With the death of Osama bin Laden nearly 10 years after the 9/11 attacks, American perceptions of terrorism continue to be anchored in concerns about Al Qaeda and the threat posed by Muslim extremists. While the danger posed by international terrorism is great, another threat exists in our own backyard. The Department of Homeland Security in 2009 labeled “lone wolves,” or white supremacists not affiliated with white-supremacy groups or organizations, “the most significant domestic terrorist threat.”
While some individuals hold racist views, white supremacists actively pursue policies that would seriously undermine the civil rights of minorities, women, immigrants, gays and lesbians, and some religious minorities including Jews. Neo-Nazis, skinheads, and the Ku Klux Klan are all examples of white-supremacy groups. Beyond differences in appearance, there is a great deal of diversity both within and between these groups with divisions based on religion, ideology, tactics and even what they should call themselves. For example, some reject “supremacist” in favor of “separatist,” as they have the goal of creating a whites-only state, while others prefer “white nationalist” or even “white power.” All of these ideological differences create conflicts as well as motivate attempts to create alliances.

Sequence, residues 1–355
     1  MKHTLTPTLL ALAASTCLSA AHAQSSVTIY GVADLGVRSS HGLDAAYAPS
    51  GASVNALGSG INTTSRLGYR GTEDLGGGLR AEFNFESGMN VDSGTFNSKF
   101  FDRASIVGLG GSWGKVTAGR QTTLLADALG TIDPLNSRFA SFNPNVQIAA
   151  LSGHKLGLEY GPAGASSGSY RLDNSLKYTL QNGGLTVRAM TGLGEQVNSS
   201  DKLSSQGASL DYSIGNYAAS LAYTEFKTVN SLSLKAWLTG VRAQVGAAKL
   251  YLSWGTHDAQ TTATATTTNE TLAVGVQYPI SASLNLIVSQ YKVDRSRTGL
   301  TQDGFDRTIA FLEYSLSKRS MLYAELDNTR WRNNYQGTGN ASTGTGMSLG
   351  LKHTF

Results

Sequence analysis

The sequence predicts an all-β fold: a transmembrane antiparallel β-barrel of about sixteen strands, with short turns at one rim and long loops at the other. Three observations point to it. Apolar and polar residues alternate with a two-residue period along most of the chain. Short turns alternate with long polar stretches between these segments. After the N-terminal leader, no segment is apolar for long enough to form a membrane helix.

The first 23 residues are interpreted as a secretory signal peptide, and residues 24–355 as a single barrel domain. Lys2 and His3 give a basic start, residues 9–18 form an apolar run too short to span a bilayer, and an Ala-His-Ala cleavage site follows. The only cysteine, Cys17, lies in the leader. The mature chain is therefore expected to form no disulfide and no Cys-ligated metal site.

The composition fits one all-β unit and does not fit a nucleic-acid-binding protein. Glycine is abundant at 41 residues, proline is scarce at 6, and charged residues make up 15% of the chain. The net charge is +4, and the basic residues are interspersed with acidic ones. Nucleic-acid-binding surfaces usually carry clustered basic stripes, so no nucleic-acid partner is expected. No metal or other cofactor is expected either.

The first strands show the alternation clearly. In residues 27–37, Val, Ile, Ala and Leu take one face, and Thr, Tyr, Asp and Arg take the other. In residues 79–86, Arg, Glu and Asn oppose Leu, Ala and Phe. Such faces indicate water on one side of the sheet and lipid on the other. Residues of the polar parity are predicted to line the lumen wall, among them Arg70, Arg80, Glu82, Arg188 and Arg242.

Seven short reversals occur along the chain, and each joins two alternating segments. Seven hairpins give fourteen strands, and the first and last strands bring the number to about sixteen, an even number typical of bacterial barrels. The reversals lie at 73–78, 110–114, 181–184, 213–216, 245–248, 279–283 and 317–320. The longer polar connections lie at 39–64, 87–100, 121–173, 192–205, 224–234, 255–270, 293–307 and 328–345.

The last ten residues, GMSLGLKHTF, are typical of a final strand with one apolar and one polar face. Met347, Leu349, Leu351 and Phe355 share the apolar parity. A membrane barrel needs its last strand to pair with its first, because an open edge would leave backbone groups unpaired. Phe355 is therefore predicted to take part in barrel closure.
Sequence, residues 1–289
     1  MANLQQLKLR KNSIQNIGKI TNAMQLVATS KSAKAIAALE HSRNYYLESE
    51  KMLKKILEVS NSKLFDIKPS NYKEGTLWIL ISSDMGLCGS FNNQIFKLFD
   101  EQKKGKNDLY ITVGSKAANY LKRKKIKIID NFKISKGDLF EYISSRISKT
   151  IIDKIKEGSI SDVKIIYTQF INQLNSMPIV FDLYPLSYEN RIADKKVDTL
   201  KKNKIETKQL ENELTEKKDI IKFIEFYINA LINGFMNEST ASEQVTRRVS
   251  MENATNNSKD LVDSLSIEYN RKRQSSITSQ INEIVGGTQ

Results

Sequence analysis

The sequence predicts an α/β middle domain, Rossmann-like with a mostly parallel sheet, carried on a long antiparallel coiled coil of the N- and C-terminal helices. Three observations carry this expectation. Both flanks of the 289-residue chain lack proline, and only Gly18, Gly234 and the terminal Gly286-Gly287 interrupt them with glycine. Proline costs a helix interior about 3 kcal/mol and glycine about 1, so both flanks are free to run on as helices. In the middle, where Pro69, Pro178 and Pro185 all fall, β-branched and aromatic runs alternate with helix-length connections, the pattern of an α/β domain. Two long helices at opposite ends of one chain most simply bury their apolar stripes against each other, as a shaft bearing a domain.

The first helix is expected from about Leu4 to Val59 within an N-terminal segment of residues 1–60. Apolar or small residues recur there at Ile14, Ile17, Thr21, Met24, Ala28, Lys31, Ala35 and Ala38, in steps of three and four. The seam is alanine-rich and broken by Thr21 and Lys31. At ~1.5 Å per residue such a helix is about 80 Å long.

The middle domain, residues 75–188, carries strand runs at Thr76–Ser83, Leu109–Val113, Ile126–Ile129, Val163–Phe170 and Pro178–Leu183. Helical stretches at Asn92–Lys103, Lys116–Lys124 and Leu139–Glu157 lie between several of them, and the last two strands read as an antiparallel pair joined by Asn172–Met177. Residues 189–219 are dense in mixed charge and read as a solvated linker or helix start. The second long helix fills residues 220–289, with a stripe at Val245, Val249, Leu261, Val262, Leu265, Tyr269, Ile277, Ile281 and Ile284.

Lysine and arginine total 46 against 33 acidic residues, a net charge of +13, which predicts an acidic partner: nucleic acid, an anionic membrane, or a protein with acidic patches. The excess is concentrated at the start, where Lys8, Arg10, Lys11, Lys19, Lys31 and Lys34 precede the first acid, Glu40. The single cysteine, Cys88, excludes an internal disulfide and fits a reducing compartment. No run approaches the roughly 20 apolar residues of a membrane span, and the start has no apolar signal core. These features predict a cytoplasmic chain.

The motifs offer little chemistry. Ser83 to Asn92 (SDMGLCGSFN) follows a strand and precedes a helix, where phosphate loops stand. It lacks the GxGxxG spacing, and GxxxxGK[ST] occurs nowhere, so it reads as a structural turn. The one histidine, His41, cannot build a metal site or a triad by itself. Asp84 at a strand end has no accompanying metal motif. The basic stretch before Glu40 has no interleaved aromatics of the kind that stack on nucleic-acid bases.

Discomfiting though it may be, understanding the goals and ideologies of white supremacists is crucial for countering the security threat posed by some of these groups. In the late 1990s, my adviser and mentor, Dr. Betty Dobratz of Iowa State University, co-authored a book on white supremacists called White Power, WhitePride! Interested in her research, I began to accompany her as she conducted interviews with both leaders and rank-and-file members of white-supremacist groups, and I even attended some events, including a neo-Nazi book burning held in a St. Paul park in 2007. As a result, we have quantitative and qualitative data from both interviews and questionnaires received from more than 150 white supremacists.
After Betty and I, along with another colleague, wrote a textbook for political sociology students that included a chapter on terrorism, we became interested in the potential threat of domestic terrorism posed by some white supremacists, so we examined ourinterview and questionnaire data to see what we could illuminate regarding the perceptions, ideologies and beliefs of white supremacists. Specifically, we are interested in views toward the use of violence and leaderless resistance to achieve the goal of a whites-only state. We have traveled to three international conferences held in Sweden, Turkey and Greece to present our findings and recommendations for law enforcement and policymakers.1